1. Domestic and International Airfare
Greater demand and fewer available airline seats will likely lead to higher ticket prices for flights next year.American Express predicts prices within North America will increase up to 5% for economy seating, depending on the length of the flight, and up to 7% in business class. Things look more bleak for European travel. A new “green tax” implemented by the EU is aimed at reducing emissions, and it will levy a fee of roughly $15 per passenger, each way, for flights to the U.S. Fees on shorter flights within the EU will be taxed slightly less.
2. New Digital Camera Models
Smartphones have quickly replaced budget friendly point-and-shoot cameras, so manufacturers and retailers are focusing more on higher-end digital SLR’s. This year, consumers may have a hard time finding a newly-released digital camera with an inexpensive starting price, as the market is moving towards more feature-rich products. “Lower cost products just won’t come to market and those that will be out there, will be priced more and more for profitability,” says Stephen Baker, Vice President of Industry Analysis at the NPD Group.
3. Hard Drives
There’s been a shortage of hard drives thanks to epic flooding in Thailand in 2011, and some retailers have actually been rationing hard drive–based products. As a result, we’ve seen fewer hard drive discounts. Expect continued shortages throughout the first quarter of 2012, which is when experts predict that production will begin to catch up to demand.
4. Desktop Computers
The consolidation of desktop features into monitor-integrated units — many with touchscreens — will drive desktop prices up in 2012, according to Baker. Expect average selling prices to increase roughly 30% on new desktops.
5. Food for Home Preparation
If your grocery bill seemed higher in 2011, you weren’t imagining things. Most retailers have reported that food prices are rising and those increases are being passed along to shoppers. Food costs rose 6% last year and will likely go up at least 2% more in 2012. Increases are likely to affect food eaten at home, rather than restaurants where those costs are easier to absorb when combined with sales of liquor, says Harry Balzer, Chief Industry Analyst for the NPD Group.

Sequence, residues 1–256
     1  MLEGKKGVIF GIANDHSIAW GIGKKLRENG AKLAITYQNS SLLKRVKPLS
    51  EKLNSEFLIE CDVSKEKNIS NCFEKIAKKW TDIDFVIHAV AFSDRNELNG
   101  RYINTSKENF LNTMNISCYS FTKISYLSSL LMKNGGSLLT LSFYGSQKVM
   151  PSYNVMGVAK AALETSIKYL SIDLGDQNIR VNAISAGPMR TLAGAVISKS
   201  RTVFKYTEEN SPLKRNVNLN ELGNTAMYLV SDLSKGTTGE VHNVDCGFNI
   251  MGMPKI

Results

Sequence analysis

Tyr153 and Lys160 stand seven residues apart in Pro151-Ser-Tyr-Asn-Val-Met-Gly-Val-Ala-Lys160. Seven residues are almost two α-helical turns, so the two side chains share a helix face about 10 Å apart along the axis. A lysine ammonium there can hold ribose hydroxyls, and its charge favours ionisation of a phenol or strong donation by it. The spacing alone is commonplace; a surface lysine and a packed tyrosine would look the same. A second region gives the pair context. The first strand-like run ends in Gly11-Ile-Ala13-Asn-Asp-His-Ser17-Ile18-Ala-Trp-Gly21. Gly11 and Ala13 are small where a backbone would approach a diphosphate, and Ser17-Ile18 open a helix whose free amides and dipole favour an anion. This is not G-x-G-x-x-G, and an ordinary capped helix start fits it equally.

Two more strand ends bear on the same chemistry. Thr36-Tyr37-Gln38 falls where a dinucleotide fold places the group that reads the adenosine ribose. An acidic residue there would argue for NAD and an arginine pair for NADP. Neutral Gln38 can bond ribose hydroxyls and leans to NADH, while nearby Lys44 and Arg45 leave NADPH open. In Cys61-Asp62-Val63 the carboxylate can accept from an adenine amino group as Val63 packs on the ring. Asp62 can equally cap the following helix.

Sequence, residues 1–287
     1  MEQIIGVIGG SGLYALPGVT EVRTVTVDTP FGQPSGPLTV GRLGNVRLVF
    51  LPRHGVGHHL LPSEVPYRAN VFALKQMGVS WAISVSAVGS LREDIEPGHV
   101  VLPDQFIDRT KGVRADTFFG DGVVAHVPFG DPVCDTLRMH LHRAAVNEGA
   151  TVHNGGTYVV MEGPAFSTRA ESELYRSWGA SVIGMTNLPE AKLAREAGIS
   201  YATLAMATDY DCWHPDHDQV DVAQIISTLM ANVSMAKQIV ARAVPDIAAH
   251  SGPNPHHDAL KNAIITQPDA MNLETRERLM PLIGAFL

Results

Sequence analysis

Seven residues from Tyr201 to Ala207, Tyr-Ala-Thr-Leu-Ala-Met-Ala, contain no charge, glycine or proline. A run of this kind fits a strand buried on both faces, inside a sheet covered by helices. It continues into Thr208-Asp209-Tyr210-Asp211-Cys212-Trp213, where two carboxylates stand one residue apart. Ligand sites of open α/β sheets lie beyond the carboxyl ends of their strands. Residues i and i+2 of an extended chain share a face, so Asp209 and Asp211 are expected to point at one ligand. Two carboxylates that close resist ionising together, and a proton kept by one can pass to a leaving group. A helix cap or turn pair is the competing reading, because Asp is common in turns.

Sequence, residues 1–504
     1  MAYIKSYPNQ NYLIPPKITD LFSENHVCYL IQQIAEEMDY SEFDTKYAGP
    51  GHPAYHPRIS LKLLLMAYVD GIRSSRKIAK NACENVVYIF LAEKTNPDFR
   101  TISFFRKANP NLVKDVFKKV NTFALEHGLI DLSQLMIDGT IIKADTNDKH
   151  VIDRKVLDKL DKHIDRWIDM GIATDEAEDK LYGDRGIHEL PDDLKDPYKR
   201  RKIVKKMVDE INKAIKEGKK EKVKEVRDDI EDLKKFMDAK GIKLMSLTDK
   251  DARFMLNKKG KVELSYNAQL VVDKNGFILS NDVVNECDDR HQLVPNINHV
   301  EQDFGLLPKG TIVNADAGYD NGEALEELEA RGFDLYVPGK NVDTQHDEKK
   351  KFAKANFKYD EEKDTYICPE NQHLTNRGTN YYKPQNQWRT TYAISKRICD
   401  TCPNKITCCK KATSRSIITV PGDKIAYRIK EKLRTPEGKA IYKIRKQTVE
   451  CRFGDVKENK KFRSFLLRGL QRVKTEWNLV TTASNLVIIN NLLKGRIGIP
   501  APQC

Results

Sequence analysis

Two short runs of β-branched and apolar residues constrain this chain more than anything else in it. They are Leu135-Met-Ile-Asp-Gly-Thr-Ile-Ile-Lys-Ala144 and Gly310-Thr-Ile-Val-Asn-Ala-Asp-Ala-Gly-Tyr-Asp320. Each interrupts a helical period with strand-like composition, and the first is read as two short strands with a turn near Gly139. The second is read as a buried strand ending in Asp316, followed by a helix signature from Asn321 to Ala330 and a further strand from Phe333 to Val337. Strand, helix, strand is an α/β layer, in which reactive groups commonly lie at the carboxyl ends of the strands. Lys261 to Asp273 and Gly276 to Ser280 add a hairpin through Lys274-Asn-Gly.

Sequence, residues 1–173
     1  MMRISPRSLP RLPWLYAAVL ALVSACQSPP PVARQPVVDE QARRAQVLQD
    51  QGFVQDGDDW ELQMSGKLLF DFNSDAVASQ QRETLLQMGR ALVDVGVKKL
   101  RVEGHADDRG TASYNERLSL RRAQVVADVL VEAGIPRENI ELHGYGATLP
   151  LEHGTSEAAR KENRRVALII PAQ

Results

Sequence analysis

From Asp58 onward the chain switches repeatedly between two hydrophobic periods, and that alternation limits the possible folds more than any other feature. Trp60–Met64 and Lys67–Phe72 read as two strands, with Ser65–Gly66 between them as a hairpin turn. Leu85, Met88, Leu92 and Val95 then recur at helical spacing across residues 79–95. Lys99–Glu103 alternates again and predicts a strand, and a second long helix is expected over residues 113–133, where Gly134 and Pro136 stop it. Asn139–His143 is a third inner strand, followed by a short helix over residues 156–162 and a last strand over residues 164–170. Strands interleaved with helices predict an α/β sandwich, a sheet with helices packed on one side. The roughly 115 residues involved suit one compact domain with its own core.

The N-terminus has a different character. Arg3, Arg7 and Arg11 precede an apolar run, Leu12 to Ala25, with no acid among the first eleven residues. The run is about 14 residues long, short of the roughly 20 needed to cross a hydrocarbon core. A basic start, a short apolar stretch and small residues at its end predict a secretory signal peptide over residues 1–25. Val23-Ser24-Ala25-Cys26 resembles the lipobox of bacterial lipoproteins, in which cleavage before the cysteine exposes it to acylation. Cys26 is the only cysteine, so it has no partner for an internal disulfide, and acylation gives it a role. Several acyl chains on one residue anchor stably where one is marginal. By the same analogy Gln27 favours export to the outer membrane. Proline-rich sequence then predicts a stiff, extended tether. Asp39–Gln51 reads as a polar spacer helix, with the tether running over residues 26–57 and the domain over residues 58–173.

6. Mobile Device Data Plans
Data plans in the past have had a tendency to decline, but as carriers build out 4G services, and move away from unlimited plans, data is set to become more expensive in 2012, according to Ross Rubin, Executive Director of Connected Intelligence at the NPD Group.
7. City-Enforced Fees
As municipalities look for ways to make up for budget shortfalls, fees for everything from dog licenses to vehicle registration and parking rates are going up, as is enforcement of fine-related infractions. In Chicago for example, a non-registered dog can elicit a $500 fine, while parking fines in Portland are going up 18% as the city tries to make up a $16 billion transportation budget deficit.
Most communities in the United States will face water rate hikes this year, even places that are rich with the natural resource. Water rates in the greater Chicago area will increase by as much as 25% next year, while the parched high desert Denver market is set to rise an additional 5.5%. Like the above-mentioned fees, this increase is mostly a result of cities needing to increase revenue to balance their budgets.
Fuel prices began inching up just before the holidays, and 2012 is looking to be another budget-breaking year at the pump, with prices once again topping $4 per gallon.
The precious metal is poised to achieve its 11th straight year of growth. Gold prices bounced around a lot in the second half of 2011, but analysts expect it to rise roughly 12% in 2012. It’s a conservative estimate and a lot lower than the 17% annual growth rate of the past decade, but most believe gold will be more expensive. Take that to the bank.
Unfortunately for avid online shoppers, the U.S. Postal Service will raise rates by an average of 4.6% next year, while both FedEx and UPS are hiking small package rates by 4.9%. Personal shipping will certainly cost more and it’s anybody’s guess how long retailers can continue the ubiquitous free shipping offers as rates rise.